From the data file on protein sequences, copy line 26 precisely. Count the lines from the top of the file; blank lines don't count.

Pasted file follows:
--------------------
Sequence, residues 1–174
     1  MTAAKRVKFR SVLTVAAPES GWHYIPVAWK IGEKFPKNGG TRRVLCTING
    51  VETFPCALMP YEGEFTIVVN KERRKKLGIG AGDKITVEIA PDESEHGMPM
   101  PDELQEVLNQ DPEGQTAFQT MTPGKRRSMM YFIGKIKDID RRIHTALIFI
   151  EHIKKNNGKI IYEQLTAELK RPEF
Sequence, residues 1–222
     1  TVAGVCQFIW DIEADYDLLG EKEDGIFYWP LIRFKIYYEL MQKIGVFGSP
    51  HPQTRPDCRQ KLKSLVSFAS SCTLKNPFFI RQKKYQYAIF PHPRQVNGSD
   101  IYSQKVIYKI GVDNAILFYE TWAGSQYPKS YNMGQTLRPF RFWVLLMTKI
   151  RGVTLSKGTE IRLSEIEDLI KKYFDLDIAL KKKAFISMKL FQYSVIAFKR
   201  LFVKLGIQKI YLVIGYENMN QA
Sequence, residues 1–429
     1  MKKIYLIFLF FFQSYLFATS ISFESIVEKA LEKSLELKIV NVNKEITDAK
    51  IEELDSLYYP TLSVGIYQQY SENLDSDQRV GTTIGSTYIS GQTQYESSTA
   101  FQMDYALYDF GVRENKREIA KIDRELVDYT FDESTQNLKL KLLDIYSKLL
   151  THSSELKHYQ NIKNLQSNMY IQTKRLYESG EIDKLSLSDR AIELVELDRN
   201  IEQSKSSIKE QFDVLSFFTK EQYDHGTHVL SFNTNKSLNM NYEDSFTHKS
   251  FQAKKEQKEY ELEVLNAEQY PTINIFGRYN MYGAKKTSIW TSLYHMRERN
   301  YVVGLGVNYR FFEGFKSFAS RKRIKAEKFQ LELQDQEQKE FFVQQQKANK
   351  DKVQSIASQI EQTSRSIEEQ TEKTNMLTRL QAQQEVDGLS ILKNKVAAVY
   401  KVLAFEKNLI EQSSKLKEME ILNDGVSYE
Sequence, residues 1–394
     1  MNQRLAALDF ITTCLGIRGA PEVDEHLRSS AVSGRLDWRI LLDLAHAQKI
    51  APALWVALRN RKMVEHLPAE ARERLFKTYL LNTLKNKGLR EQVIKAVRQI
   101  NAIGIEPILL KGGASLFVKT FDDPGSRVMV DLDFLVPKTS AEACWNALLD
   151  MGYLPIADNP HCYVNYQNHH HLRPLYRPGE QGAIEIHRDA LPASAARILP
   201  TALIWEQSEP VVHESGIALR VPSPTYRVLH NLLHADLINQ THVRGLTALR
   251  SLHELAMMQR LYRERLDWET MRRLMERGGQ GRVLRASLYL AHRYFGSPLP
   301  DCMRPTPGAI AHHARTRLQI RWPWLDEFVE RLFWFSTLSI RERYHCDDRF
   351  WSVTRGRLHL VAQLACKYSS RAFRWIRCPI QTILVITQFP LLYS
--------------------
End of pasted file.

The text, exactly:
   151  MGYLPIADNP HCYVNYQNHH HLRPLYRPGE QGAIEIHRDA LPASAARILP